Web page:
Harding's life gives an insight into the more genteel aspects of Brisbane society before the turn of the century. The accumulation of wealth and establishment of social credibility was important within his personal community. He was not prepared financially or personally for his death, leaving large debts[40] and no will, which caused the disintegration of most of the achievements that he had worked for, in his new country. Fortunately, his contribution to the Supreme Court Library stands as a monument to his generosity, intellect and especially his love of books.

Spencer Browne's words are a fitting epitaph to George Roger Harding:

I salute the memory of Mr. Justice Harding – strict, often severe, always with the grandly manner but a brilliant and upright judge.[41]

List of George Rogers Harding's published books[edit]

Notes[edit]

  1. ^ Clipping from Ashgrove Library.

References[edit]

  1. ^ Morrison, A.A.; Carter, M (1966). "George Rogers Harding". Australian Dictionary of Biography. 4. Melbourne University Press. pp. 341–342. 
  2. ^ Colin Hinson, Gittisham (Gaz3.v01.34) (Genuki, 2 June 2003 2003 [cited 15 April 2006]); available from http://genuki.cs.ncl.ac.uk/DEV/Gittsham/Gaz1868.html.
  3. ^ a b c d e f Taylor, "The Bar and the Bench. A Judge's Reminiscences. A Talk with Mr. Justice Harding. No. 1."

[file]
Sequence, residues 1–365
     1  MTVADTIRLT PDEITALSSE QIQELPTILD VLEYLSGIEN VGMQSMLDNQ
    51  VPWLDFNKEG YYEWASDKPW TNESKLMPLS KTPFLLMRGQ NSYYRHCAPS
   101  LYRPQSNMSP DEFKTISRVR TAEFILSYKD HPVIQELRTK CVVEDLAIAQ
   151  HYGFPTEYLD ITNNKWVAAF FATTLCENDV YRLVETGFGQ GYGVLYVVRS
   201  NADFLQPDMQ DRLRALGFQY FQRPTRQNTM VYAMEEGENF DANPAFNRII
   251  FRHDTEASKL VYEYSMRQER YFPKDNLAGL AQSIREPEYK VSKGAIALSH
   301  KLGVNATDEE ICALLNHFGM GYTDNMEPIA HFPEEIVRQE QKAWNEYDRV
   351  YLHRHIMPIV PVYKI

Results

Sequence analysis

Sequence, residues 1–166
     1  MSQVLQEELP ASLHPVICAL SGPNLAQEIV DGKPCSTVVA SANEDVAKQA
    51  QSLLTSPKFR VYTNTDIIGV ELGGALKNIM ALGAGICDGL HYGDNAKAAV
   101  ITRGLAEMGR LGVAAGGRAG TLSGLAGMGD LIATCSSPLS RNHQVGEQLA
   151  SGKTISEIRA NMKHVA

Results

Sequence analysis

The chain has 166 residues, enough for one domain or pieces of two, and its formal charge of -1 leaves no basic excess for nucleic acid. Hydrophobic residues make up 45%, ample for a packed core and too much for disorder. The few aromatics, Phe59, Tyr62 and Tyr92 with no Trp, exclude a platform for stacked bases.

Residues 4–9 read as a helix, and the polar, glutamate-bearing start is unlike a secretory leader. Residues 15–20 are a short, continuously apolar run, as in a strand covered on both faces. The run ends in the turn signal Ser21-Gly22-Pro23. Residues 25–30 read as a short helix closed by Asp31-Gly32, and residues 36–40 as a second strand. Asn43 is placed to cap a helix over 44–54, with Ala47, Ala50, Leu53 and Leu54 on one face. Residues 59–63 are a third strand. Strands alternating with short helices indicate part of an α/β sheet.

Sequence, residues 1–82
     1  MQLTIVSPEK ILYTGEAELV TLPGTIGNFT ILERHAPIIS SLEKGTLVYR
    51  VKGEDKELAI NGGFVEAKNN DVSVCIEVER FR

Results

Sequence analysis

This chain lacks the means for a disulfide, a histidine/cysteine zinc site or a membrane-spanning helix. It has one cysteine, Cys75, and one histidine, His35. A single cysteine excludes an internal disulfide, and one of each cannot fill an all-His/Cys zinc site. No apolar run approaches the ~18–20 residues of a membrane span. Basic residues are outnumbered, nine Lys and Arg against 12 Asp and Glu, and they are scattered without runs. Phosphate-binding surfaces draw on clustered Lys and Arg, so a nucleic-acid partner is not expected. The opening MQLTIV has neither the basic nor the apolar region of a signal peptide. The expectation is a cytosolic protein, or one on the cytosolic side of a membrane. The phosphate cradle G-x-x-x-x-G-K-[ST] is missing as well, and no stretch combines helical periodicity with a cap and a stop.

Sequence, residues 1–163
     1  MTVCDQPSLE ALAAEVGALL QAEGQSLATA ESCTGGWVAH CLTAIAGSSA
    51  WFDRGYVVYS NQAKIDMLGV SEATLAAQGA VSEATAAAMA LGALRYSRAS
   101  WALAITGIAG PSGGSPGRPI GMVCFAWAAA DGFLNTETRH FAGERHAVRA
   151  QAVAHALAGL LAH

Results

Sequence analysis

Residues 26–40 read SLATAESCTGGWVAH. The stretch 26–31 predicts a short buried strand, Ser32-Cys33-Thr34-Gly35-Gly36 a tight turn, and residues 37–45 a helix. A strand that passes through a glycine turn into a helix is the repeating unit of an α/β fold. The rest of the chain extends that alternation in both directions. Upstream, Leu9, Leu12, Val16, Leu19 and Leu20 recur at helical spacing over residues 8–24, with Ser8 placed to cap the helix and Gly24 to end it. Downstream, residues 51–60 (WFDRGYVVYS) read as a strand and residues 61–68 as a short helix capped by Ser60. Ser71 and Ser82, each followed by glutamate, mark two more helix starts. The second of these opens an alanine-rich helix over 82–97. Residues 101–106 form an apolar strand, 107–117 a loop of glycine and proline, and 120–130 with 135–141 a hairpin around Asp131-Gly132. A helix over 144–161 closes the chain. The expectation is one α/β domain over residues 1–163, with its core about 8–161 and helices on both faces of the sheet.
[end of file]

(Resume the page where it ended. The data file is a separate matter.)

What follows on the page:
4. ^ The International Exhibition of 1862, or Great London Exposition was a world's fair. It was held at South Kensington in London, England.
  5. ^ R.S. Taylor, "The Bench and the Bar. Reminiscences of a Judge. Incidents in the Courts. Playing "The Waiting Game".No.Iv. ", The Brisbane Courier, 17 June 1895. p6
  6. ^ "Mr. Justice Harding.." Town and Country (1879).
  7. ^ Nan Phillips, "Eyles Irwin Caulfield Browne", ADB, Vol 4, p.265-266.
  8. ^ Browne, ADB. Vol,4. p265-266.
  9. ^ Shipping Records: Queensland State Archives (hereafter QSA), Z1957 p.42 (formerly IMM/113,1857-69)
  10. ^ "Family Notices". The Brisbane Courier. National Library of Australia. 9 December 1876. p. 4. Retrieved 25 July 2012. 
  11. ^ "Family Notices". The Brisbane Courier. National Library of Australia. 6 August 1878. p. 2. Retrieved 25 July 2012. 
  12. ^ "WEDDING AT ST. JOHN'S PRO-CATHEDRAL". The Brisbane Courier. National Library of Australia. 23 November 1893. p. 5. Retrieved 28 July 2012. 
  13. ^ Registrar General, Queensland (hereafter Reg.Gen.Qld), death certificate, 1895/028023,31 August 1895. Toowong Cemetery, Tombstone Portion 1, Section 82. Sidney Robert and Constance Beatrice buried with George Harding and his first wife Emily.
  14. ^ Sayer, Paul Transfer 32604, certificate of title volume 215 folio 77 (title reference 10215077) p172
  15. ^ "BUILDING A GARDEN SUBURB." The Brisbane Courier (National Library of Australia): p. 21. 9 August 1930. Retrieved 17 July 2012.
  16. ^ "St John's Wood (entry 601506)". Queensland Heritage Register. Queensland Heritage Council. Retrieved 12 August 2015. 
  17. ^ Sayer, Paul p173. Taken from an auction catalogue printed for the sale of Harding's effects after his death.